Behaviour and emotions
At this age, your child is eager to learn about everything he sees and enjoys playing and experimenting. As play is crucial in the development of your child’s reasoning and creativity, you may want to play games like asking him to search for hidden toys or identify body parts when you name them. Your child might also start engaging in imaginative play by imitating your day-to-day actions like putting on shoes and talking on the phone. Beating and throwing items may also be observed in your child’s behavior if he sees such actions performed by others.
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In terms of emotions, your child will be deeply attached to his loved ones and will give you plenty of hugs and kisses. However, he may start to be more self-aware and feel shy if people are paying attention to him. Separation anxiety is also common among children of this age.
Communication and language
At 15 months, your child is beginning to recognize his name and you may start to hear him say several words. His vocabulary will gradually improve and you will hear him identifying various objects and actions. By 18 months, your child should be able to comprehend and carry out simple instructions such as fetching items for you.
Motor skills and physical development
If it has been some time since your child started walking, he may soon learn to run or climb the stairs or furniture. However, do not worry if he has yet to start walking as he will likely begin walking in the following few months.
By 18 months, your child will gain more control over his hand and arm movements and may be able to use a spoon or start doodling with a pencil. Additionally, he may be able to grab tiny objects like buttons or pebbles. As such, you should constantly supervise your child’s actions and the item he picks up in case he tries to consume it. Some other actions you may observe your child performing include undressing on his own and drinking from a cup.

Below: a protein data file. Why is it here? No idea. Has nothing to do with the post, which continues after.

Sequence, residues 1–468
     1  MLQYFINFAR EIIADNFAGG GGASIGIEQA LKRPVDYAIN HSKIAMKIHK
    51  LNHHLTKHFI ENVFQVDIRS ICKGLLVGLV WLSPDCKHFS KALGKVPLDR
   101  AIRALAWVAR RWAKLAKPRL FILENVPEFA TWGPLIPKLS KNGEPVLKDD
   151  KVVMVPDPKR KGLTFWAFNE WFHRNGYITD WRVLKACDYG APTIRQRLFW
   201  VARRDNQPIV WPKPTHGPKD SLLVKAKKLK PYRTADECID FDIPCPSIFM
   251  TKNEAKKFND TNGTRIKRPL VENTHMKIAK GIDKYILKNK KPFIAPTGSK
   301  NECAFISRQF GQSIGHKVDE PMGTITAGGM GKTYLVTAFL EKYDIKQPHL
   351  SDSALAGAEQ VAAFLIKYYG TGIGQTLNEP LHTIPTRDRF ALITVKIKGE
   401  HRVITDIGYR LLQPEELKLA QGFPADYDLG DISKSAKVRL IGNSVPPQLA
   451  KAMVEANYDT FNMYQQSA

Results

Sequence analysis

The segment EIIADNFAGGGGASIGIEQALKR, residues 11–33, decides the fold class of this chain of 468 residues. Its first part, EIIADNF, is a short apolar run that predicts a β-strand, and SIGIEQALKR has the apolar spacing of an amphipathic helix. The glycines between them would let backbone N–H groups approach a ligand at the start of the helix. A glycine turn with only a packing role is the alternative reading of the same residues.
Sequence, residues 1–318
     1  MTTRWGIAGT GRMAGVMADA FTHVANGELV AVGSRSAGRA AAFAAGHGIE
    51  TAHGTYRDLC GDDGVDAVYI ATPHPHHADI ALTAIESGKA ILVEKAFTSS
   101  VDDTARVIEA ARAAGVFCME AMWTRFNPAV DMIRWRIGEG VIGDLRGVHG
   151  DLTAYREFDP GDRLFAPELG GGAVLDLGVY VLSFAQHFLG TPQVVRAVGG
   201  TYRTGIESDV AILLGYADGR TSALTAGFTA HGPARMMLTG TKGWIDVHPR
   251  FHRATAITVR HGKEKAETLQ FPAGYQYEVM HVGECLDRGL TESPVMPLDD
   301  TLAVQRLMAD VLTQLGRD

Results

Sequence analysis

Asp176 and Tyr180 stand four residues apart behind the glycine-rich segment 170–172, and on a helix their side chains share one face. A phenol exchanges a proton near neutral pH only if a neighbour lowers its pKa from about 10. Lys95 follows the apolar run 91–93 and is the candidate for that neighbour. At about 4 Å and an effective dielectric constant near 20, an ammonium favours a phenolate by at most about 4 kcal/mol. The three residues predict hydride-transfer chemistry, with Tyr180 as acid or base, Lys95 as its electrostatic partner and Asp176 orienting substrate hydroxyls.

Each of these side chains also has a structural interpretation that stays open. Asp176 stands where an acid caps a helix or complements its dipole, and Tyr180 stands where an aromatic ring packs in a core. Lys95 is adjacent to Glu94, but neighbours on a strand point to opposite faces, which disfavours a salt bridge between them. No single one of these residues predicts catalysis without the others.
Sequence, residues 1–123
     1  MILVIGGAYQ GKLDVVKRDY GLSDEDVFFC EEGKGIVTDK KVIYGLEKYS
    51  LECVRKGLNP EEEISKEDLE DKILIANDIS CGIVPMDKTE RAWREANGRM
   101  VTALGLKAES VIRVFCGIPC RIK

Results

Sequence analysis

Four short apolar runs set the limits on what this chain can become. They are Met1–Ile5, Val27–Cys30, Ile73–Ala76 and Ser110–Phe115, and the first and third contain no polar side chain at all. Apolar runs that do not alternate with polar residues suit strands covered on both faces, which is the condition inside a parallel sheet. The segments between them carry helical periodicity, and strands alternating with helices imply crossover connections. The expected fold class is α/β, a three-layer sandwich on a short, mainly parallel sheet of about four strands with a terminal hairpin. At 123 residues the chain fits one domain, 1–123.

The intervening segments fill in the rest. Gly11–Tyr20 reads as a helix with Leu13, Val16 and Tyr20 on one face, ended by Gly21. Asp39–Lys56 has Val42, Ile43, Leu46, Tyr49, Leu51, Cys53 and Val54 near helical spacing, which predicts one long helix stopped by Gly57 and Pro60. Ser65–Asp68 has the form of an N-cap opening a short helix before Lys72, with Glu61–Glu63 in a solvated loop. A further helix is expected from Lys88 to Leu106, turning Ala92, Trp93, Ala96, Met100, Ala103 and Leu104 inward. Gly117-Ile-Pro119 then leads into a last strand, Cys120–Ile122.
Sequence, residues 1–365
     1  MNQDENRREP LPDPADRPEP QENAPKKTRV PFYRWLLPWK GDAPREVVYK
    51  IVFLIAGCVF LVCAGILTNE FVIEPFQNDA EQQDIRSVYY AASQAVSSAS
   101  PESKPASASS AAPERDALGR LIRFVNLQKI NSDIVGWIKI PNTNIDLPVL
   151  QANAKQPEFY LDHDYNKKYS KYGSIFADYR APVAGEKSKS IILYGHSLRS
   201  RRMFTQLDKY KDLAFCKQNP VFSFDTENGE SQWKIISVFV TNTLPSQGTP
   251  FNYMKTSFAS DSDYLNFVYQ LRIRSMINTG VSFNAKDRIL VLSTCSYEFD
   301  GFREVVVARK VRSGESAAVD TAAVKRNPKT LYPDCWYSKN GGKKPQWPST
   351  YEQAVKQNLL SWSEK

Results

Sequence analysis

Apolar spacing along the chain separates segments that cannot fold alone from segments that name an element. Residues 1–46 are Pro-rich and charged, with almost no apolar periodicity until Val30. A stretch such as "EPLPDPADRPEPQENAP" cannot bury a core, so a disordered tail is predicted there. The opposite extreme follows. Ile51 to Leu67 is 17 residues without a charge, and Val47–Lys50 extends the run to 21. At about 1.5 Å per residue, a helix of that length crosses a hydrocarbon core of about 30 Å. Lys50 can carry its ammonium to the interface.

Activities to Stimulate Toddler’s DevelopmentBrimming with curiosity and busy exploring the world around
- Stay close to your child while he plays as it builds his confidence to discover new things by himself. It also shapes him to be self-reliant and self-confident as he grows.
Urge him to play with other children as it helps him to learn how to make friends and interact with others. However, you should beware that he may not have grasped the concept of sharing at this stage
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- Encourage your child to perform simple day-to-day actions such as putting on a hat and using a spoon to strengthen his muscles and thinking skills
- Regularly converse with your child to improve his vocabulary and communication skills
- Encourage your child to speak and build his imagination by reading together, telling stories and singing nursery rhymes
- Pretend play with your child to nurture his imagination and emotional skills
Warning Signs to Look Out ForWhen should you seek medical help?
You should visit a doctor if you notice your child facing the following issues at 18 months:
- Difficulty seeing or hearing
- Does not say a single word
- Does not follow basic commands
- Does not point, wave or use any gestures
- Dislike eye contact or hugs
- Unable to perform skills that he used to have
- Unable to walk on his own
Uses one hand more than the other
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As a mother, it is perfectly normal to be concerned over your child’s growth. Being aware of the usual developments at different stages will allow you to mentally prepare yourself for the expected actions and behavioral changes in your child. Even so, not all children develop at the same pace. Thus, if you still feel unease over your child’s growth, it is best to consult a doctor to discuss your concerns.
By the end of 18 months, your toddler can:
- Listen to stories and looks at pictures
- Experience a reduced appetite as the growth rate slows
- Run, but may be uncoordinated, and may fall frequently
- Walk up stairs, holding on with one hand
- Take off some clothing items, such as socks or gloves
- Feed him or herself